In my essay on the usage of the pronoun ‚Äúnone‚ÄĚ that I posted here last week, I explained that ‚Äúnone‚ÄĚ is treated as singular when it means ‚Äúnot one‚ÄĚ and as plural when it means ‚Äúnot any.‚ÄĚ But the senior PR executive who wondered about this particular usage had an interesting related question about the usage of the pronoun ‚Äúyou‚ÄĚ: If, in fact, ‚Äúyou‚ÄĚ is either singular or plural depending on the speaker‚Äôs or writer‚Äôs intention, why is it grammatically correct to say ‚ÄúDo you (still) have a problem with your grammar?‚ÄĚ but grammatically wrong to say ‚ÄúDo you (still) has a problem with your grammar?‚ÄĚ Indeed, from the looks of it, there seems to be a grammatical contradiction here.
This is why in a subsequent issue of The Manila Times, I wrote a follow-up essay, ‚ÄúIt‚Äôs the helping verb that takes the tense,‚ÄĚ to explain this rather curious state of affairs. In that essay, which I am now posting in this week‚Äôs edition of the Forum, I discussed the even more compelling grammatical reason for using ‚Äúhave‚ÄĚ instead of ‚Äúhas‚ÄĚ in ‚Äúdo‚ÄĚ-questions like the one that had puzzled the senior PR executive. (December 10, 2010)
It‚Äôs the helping verb that takes the tense
In my previous column (posted here in the Forum last week), I explained to a senior PR executive why I used the singular verb form ‚Äúhas‚ÄĚ for the subject ‚Äúnone‚ÄĚ in this sentence construction of mine: ‚ÄúI hope none of you still has a problem choosing between ‚Äėbring‚Äô and ‚Äėtake‚Äô...‚ÄĚ He had wondered if I should have used the plural verb form ‚Äúhave‚ÄĚ instead in the same way that it‚Äôs used in this example that he provided: ‚ÄúI don‚Äôt want to be caught saying ‚ÄėDo you (still) has?‚Äô We should all ask ‚ÄėDo you (still) have?‚Äô‚ÄĚ
I explained that he was correct in using the plural verb form ‚Äúhave‚ÄĚ in that sentence construction because in contrast to my sentence construction, the subject is clearly the pronoun ‚Äúyou.‚ÄĚ This, I pointed out, is because ‚Äúyou‚ÄĚ‚ÄĒby some quirk of English grammar‚ÄĒalways requires the plural form of the verb regardless of whether it‚Äôs meant to be singular or plural. But I added in closing that there‚Äôs an even more compelling reason for using ‚Äúhave‚ÄĚ in ‚Äúdo‚ÄĚ-questions like the one he had supplied.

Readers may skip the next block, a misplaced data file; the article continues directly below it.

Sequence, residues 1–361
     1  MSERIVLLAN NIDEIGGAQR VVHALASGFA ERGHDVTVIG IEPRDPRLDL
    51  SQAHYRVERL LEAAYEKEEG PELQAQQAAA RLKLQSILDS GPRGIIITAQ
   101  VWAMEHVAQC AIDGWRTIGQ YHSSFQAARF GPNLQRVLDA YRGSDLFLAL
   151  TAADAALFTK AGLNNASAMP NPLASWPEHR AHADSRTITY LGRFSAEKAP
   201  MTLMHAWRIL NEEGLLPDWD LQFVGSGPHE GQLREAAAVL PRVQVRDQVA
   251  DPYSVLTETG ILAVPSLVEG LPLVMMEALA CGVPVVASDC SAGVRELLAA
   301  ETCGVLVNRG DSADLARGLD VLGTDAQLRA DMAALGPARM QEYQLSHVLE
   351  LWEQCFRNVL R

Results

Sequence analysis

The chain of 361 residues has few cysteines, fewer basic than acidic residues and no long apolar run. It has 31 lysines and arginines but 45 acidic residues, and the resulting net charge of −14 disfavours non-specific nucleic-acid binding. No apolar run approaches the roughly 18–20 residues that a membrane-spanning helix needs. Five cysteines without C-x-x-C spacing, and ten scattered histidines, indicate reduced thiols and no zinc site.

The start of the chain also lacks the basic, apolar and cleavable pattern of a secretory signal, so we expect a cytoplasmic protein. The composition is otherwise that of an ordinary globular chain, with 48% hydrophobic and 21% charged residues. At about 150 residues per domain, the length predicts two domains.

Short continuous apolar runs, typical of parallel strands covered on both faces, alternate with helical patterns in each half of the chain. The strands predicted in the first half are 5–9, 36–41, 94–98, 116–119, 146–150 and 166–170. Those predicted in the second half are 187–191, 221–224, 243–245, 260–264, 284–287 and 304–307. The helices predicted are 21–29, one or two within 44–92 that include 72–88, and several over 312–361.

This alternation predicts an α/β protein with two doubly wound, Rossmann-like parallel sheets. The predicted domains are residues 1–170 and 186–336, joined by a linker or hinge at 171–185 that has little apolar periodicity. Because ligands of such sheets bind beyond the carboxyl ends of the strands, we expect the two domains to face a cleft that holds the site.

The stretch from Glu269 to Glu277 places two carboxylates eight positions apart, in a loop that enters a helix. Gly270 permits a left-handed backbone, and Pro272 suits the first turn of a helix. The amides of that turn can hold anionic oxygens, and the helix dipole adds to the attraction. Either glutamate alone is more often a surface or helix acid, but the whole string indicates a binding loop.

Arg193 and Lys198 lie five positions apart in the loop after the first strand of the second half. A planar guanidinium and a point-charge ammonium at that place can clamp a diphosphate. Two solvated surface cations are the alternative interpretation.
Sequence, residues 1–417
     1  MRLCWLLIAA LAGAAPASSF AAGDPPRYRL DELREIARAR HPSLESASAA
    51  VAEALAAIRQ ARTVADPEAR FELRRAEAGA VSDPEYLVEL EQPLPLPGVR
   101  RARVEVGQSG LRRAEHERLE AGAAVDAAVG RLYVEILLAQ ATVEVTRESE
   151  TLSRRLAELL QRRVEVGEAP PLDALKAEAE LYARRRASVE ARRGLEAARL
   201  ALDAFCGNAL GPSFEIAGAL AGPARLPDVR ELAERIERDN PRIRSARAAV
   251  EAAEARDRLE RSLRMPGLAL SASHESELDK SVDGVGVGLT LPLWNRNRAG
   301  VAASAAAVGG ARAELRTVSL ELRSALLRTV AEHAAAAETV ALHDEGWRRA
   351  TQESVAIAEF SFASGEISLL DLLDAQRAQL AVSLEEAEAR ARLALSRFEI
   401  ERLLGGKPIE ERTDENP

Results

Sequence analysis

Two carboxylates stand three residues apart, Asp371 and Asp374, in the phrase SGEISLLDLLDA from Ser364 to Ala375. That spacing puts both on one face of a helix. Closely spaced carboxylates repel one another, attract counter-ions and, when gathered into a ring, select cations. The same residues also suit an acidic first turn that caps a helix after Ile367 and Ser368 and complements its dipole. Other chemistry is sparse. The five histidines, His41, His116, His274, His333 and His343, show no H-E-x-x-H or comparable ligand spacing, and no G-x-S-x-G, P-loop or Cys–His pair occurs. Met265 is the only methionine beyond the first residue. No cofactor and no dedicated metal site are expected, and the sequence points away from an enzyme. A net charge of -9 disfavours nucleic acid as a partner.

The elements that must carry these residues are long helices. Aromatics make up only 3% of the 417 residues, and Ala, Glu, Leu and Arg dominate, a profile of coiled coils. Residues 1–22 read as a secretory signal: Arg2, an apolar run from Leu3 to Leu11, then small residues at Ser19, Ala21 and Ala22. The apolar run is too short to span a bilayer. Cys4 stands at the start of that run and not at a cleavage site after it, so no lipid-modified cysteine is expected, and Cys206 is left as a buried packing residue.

That reason is the same I gave to a Hong Kong-based Filipina journalist-teacher who‚ÄĒalmost at the same time as the senior PR executive‚ÄĒwrote me seeking an answer to this question posed by an adult Chinese student of hers: ‚ÄúWhy do we combine the past and present tenses in sentences like ‚ÄėI did not go to school yesterday‚Äô? Why isn‚Äôt it ‚ÄėI did not went to school [instead]‚Äô? How do you define that sentence construction? Is there a special term for it, or do we just say ‚ÄėIt‚Äôs that way because that‚Äôs the rule‚Äô?‚ÄĚ
Here now is the common reason for that usage that baffled both the senior PR executive and the adult Chinese student of the Filipina journalist-teacher: English has three primary helping verbs‚ÄĒ‚Äúdo,‚ÄĚ ‚Äúbe,‚ÄĚ and ‚Äúhave.‚ÄĚ Also called auxiliary verbs, they help the main verb in a sentence form questions, negatives, and some verb tenses. The general rule is that when a helping verb is used in a sentence, it‚Äôs the helping verb that takes the tense, while the main verb takes its base form (the infinitive of the verb without the ‚Äúto,‚ÄĚ as in ‚Äúmake‚ÄĚ from the infinitive ‚Äúto make‚ÄĚ).
‚ÄúDo‚ÄĚ in particular is used to (a) indicate questions, (b) indicate the negative of a statement, and (c) emphasize a statement. Here are the particulars of its usage:
(a) ‚ÄúDo‚ÄĚ to indicate a question: ‚ÄúDid he take the bus?‚ÄĚ ‚ÄúDoes he take the bus?‚ÄĚ In both the past and present tense, it‚Äôs the helping verb ‚Äúdo‚ÄĚ that takes the tense. The main verb ‚Äútake‚ÄĚ doesn‚Äôt take the tense and remains in its base form.
Note that when ‚Äúdo‚ÄĚ is used as a helping verb to form a question, the main verb always takes its base form‚ÄĒwhich just happens to look like the plural form when, in fact, it‚Äôs really not‚ÄĒregardless of whether the subject (or doer of the action) is singular or plural. In all cases, it‚Äôs the helping verb ‚Äúdo‚ÄĚ that takes the tense, as in these questions that have plural subjects: ‚ÄúDid they take the bus?‚ÄĚ ‚ÄúDo they take the bus?‚ÄĚ ‚ÄúDid we take the bus?‚ÄĚ ‚ÄúDo we take the bus?‚ÄĚ
(b) ‚ÄúDo‚ÄĚ to indicate the negative of a statement: ‚ÄúI did not take the bus.‚ÄĚ ‚ÄúI don‚Äôt take the bus.‚ÄĚ In both these sentences, it‚Äôs the helping verb ‚Äúdo‚ÄĚ that takes the tense. The main verb ‚Äútake‚ÄĚ doesn‚Äôt take the tense and remains in its base form.
(c) ‚ÄúDo‚ÄĚ to emphasize a statement: ‚ÄúI did take the bus.‚ÄĚ ‚ÄúI do take the bus.‚ÄĚ Here, ‚Äúdo‚ÄĚ works to strongly emphasize a response to a particular question like, say, ‚ÄúDid (or ‚ÄúDo‚ÄĚ) you really take the bus?‚ÄĚ Again, in such cases, it‚Äôs the helping verb ‚Äúdo‚ÄĚ that takes the tense. The main verb ‚Äútake‚ÄĚ doesn‚Äôt take the tense and remains in its base form. (June 20, 2009)
From the weekly column ‚ÄúEnglish Plain and Simple‚ÄĚ by Jose A. Carillo in The Manila Times, June 20, 2009 ¬© 2009 by the Manila Times Publishing Corp. All rights reserved.